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A 9 month old boy fell from a bed onto an electric plug embedding the earth pin within his skull. The child did not lose consciousness and the mother removed the plug causing initial brisk bleeding. Examination revealed a 1 cm laceration to the left of the midline in the frontal area immediately behind the hairline. Neurological examination was normal. Radiography of the skull demonstrated a depressed skull fracture (fig 1). The wound was debrided under general anaesthesia with prophylactic antibiotic cover. The bone fragments were raised to reveal an intact dura. The fragments were washed and replaced and the pericranium, galea, and skin closed in separate layers. Postoperative recovery was uncomplicated with no long term sequelae at follow up.
A second child of 17 months attended the casualty department with an electric plug embedded in the left parietal area of his skull, again after falling out of bed. There had been no loss of consciousness and the child was alert and well. The live pin of the plug was almost completely embedded in the skull. Radiography demonstrated a depressed fracture beneath the pin (fig 2). Under general anaesthesia the plug was dismantled, the wound extended and debrided. The penetrating pin was removed and the fracture enlarged to reveal a 1cm laceration to the dura. There was no significant underlying brain injury. The dura was repaired, the bone fragments were replaced, and the wound closed in layers. Postoperative recovery was unremarkable and the child remained well at 12 month follow up.
Children under 5 years of age rarely sustain injury falling out of bed.1, 2 Most falls are onto carpeted floors that help cushion the impact. The small percentage of skull fractures that do occur in young children from short distance falls are generally uncomplicated, linear fractures which rarely have long term sequelae.3 However, the relatively soft skull of a child striking a hard object can result in a penetrating injury. These cases illustrate the potential hazards for young children from such seemingly innocuous household items. In case 1 involvement of the sagittal sinus could have resulted in air embolism or exsanguination on removal of the plug by the mother at home. If, as in case 2, the plug is still embedded at the time of presentation controlled removal in theatre is essential.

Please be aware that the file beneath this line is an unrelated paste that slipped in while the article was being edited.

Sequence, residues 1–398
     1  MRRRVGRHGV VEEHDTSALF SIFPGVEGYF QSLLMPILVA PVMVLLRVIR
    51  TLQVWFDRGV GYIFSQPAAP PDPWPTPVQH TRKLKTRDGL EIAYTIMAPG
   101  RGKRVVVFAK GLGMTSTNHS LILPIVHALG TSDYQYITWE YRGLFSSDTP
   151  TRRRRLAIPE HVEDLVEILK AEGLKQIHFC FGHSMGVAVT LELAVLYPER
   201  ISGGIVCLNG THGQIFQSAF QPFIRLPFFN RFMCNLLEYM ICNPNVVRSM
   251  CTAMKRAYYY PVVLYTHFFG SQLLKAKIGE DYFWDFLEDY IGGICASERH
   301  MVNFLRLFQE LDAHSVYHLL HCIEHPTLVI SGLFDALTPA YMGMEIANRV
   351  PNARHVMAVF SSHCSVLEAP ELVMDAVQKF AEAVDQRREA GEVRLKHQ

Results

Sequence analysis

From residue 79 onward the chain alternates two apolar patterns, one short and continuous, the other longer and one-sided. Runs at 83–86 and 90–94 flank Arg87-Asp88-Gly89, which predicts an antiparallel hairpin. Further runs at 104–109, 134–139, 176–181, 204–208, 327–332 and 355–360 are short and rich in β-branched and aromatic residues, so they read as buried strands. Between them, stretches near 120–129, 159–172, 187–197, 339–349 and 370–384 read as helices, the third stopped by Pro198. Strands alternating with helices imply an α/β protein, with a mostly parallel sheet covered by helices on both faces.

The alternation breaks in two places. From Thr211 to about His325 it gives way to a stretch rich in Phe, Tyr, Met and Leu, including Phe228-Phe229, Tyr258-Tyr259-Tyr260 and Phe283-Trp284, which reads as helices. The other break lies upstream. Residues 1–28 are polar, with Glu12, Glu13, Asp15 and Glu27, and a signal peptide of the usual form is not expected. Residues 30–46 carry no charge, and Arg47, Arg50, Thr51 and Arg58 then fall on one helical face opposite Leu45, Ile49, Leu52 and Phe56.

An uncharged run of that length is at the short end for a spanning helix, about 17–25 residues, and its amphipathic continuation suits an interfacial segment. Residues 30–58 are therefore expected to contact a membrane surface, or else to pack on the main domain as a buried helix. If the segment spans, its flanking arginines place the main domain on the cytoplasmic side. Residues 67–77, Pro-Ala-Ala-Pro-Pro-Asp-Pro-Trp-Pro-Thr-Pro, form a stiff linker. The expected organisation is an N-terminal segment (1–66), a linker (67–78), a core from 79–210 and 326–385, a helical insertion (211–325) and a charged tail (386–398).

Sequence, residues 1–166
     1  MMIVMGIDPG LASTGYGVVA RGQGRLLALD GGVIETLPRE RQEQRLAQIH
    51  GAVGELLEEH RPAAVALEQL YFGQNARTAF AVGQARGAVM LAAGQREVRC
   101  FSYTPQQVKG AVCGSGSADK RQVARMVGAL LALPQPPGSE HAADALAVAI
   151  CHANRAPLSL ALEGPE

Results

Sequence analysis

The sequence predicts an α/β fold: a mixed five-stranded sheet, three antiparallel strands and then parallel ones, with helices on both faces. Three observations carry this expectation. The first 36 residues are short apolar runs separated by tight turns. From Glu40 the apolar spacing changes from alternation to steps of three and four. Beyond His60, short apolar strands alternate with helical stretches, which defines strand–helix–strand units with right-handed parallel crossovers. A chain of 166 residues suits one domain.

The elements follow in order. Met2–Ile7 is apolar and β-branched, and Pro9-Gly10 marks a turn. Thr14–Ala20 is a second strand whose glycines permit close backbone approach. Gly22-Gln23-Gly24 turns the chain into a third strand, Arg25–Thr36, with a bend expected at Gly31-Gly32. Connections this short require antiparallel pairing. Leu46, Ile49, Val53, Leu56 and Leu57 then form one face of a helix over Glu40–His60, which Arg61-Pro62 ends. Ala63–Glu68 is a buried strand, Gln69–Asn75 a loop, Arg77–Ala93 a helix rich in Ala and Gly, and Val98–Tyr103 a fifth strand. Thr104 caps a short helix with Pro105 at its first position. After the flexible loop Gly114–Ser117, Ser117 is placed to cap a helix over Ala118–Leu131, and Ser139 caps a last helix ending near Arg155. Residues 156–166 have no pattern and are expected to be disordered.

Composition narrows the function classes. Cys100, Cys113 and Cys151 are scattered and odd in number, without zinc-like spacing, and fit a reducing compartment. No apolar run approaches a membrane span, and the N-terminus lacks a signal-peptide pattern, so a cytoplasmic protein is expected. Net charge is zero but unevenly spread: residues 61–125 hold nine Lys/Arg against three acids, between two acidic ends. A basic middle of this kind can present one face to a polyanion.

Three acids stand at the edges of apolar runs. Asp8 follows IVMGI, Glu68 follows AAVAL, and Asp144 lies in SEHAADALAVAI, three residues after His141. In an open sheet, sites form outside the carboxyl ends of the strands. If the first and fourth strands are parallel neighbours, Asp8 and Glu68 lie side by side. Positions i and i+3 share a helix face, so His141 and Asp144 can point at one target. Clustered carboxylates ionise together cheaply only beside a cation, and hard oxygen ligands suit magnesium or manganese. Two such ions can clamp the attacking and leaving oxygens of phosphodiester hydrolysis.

A review of 520 children admitted to the Royal Aberdeen Children's Hospital with a skull fracture over a 24 year period identified only 25 patients (4.8%) with an open injury. Road traffic accidents, falls, and golf club injuries4, 5 were the most common cases of these latter serious injuries. Fourteen patients required surgery, the remainder were managed by immediate wound toilet and penicillin based antimicrobial prophylaxis. Of the 14 patients who underwent exploration seven (50%) had a dural tear. Prophylactic anticonvulsants were not routinely prescribed and no child during the review period developed post-traumatic epilepsy or infective complications.
In conclusion, we highlight a previously unreported mechanism of open head injury in children resulting from unguarded electric plugs. When such a history is obtained skull radiography should be performed, despite an unremarkable clinical examination, to exclude an underlying skull fracture and dural tear.
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